Refinance: Refinancing happens on an existing mortgage. Essentially, you trade the original debt obligation in for a new one. Refinancing is beneficial for borrowers to create a more convenient payment schedule, a lower interest rate, or a different term. When considering refinancing on your mortgage, consider the closing costs associated with getting a new loan.

Underwriting: When a loan professional evaluates your application and verifies all your financial details, that’s underwriting. It’s important to ensure that you have the means to manage your new monthly payment.

Escrow: An escrow account is used to hold funds prior to closing, including your earnest money deposit. You might also pay into an escrow account to cover property taxes, homeowner’s insurance, and private mortgage insurance (if you have it).

Closing Disclosure: This is a document that you’ll be given at least three days before your closing date. It should detail all the final costs of your loan, as well as what you’ll be expected to pay on closing day.

Closing Costs: Closing costs are settlement costs and fees you pay to your lender in exchange for finalizing your loan. Some common closing costs include appraisal fees, loan origination fees, and pest inspection fees. The specific costs you’ll need to cover depend on your location and property type. Closing costs usually equal 3% – 6% of the total value of your loan.

Term: Your mortgage term is the number of years you’ll pay on your loan before you fully own your home. For example, you may take out a mortgage loan with a 15-year term and that means that you’ll make monthly payments on your loan for 15 years before the loan matures. The most common mortgage terms are 15 years and 30 years, but some lenders offer terms as short as 8 years.

Prepaid Costs: These also come up at closing and will go into your escrow account. They usually cover mortgage interest, property taxes, and homeowners insurance expenses that occur between your closing date and the date your first mortgage payment is due.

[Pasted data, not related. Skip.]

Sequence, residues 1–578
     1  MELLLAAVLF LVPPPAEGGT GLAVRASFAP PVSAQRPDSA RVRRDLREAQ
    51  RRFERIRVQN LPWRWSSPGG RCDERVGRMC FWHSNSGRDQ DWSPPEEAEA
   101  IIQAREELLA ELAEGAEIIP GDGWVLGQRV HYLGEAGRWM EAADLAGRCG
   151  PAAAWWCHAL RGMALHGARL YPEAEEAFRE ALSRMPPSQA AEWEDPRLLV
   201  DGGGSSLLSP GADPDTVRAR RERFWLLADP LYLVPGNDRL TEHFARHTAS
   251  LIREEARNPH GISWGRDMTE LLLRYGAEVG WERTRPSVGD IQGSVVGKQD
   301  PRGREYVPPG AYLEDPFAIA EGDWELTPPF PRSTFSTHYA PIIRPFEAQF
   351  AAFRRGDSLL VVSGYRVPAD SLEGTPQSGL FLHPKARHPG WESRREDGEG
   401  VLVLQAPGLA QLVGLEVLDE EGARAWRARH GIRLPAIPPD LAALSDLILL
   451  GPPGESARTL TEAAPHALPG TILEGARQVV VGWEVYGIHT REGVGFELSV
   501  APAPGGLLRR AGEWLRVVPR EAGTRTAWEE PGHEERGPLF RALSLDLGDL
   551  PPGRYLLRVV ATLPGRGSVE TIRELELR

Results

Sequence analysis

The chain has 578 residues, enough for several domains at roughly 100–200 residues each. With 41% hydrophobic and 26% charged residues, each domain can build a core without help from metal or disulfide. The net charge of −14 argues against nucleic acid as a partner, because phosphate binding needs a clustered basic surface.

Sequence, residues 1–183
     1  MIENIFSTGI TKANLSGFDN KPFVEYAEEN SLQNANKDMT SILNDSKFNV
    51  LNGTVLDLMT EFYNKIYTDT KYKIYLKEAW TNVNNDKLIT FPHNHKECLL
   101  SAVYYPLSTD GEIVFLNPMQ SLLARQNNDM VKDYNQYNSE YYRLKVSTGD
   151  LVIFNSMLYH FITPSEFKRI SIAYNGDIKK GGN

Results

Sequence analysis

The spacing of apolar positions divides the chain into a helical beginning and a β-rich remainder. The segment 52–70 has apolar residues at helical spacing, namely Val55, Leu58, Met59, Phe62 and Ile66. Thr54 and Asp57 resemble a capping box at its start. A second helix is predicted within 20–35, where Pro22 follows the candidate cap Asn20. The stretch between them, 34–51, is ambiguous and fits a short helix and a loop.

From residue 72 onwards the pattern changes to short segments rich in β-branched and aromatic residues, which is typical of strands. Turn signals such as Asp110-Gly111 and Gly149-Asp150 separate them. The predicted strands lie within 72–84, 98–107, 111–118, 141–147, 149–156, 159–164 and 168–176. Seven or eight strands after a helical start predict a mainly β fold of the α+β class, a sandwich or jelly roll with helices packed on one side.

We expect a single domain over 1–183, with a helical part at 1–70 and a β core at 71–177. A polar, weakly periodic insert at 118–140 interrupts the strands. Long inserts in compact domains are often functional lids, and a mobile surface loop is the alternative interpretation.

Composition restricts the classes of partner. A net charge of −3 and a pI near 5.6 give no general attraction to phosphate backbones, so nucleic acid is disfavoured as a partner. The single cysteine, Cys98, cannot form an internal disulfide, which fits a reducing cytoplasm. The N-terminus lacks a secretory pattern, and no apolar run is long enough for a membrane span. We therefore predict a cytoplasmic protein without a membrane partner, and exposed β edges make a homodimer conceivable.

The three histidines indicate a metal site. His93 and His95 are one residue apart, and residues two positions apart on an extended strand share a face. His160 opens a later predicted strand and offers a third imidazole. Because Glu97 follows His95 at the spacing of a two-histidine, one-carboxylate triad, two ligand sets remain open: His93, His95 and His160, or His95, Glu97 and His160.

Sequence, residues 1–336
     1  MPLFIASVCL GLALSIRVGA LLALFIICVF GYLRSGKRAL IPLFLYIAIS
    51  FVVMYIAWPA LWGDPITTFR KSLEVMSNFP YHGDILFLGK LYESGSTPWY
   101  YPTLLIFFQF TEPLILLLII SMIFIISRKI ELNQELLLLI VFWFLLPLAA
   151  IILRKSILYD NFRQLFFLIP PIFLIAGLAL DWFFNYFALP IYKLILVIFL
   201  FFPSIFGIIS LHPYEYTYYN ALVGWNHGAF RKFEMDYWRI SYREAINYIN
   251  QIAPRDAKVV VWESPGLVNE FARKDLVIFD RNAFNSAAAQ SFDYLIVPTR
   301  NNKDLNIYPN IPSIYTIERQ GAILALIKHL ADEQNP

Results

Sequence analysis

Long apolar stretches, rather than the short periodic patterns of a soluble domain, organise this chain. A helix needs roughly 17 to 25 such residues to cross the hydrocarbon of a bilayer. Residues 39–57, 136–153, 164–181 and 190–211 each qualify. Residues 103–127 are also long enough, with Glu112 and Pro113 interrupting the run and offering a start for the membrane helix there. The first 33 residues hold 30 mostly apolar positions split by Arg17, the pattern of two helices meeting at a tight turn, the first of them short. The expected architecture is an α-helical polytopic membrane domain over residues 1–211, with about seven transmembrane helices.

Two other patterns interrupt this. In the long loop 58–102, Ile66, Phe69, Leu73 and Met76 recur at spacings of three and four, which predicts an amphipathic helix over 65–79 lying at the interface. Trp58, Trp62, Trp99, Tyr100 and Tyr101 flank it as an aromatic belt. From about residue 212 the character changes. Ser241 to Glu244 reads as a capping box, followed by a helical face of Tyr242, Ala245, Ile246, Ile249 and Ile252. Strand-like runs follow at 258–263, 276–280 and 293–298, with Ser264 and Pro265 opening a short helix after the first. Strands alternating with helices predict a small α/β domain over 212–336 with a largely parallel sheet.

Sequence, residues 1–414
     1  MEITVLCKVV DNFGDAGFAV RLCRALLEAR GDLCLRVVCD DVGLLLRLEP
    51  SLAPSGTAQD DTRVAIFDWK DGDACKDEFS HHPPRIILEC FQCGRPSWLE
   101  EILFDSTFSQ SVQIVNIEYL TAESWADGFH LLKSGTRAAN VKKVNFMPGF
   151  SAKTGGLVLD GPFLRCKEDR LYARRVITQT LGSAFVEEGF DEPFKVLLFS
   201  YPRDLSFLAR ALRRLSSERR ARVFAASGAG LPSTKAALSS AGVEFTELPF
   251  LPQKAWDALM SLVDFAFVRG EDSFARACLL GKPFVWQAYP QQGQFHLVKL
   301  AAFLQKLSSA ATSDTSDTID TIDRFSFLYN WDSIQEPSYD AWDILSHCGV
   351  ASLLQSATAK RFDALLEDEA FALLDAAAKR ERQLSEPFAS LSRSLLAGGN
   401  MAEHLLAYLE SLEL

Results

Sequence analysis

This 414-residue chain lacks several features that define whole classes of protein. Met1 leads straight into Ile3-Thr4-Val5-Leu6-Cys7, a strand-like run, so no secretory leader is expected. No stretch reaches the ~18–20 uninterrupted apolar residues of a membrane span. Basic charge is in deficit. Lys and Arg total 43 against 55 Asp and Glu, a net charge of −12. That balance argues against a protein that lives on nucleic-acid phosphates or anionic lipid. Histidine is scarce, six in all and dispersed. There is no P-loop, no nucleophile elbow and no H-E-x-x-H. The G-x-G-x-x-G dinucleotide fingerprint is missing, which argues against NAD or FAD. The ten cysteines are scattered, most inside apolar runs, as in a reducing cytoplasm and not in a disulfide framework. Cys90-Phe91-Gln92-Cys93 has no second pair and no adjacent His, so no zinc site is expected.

Homeowners Insurance: Homeowner’s insurance is a type of protection that compensates you if your home gets damaged during a covered incident. Common damages that are covered include fires, burglaries, and windstorms. In exchange for coverage, you pay your insurance provider a monthly premium. You’re not legally required to get homeowners insurance to own a home. However, your mortgage lender may require you to maintain at least a certain level of coverage for the life of your loan.

Property taxes: You’ll be required to pay property taxes to your local government. The amount you pay in property taxes depends on your home’s value and where you live. Property taxes fund things like police departments, roads, libraries, and community development. Don’t forget to factor in property taxes when you shop for a home.

Deed: A deed is the physical document you receive that proves you own your home. You’ll receive your deed when you close on your loan.

Title: A title is proof that you own a home. Your title includes a physical description of your property, the names of anyone who owns the property, and any liens on the home. When someone says that they’re “on the title” of a home, it means that they have some kind of legal ownership of the property. For example, if your parents were to help you purchase a home, they’d likely be listed on the title.




Chandra Liggins is a Global Mortgage Senior Loan Officer based in Rancho Cucamonga, California. Visit Chandra’s Facebook business page if you are looking for advice from a seasoned mortgage professional.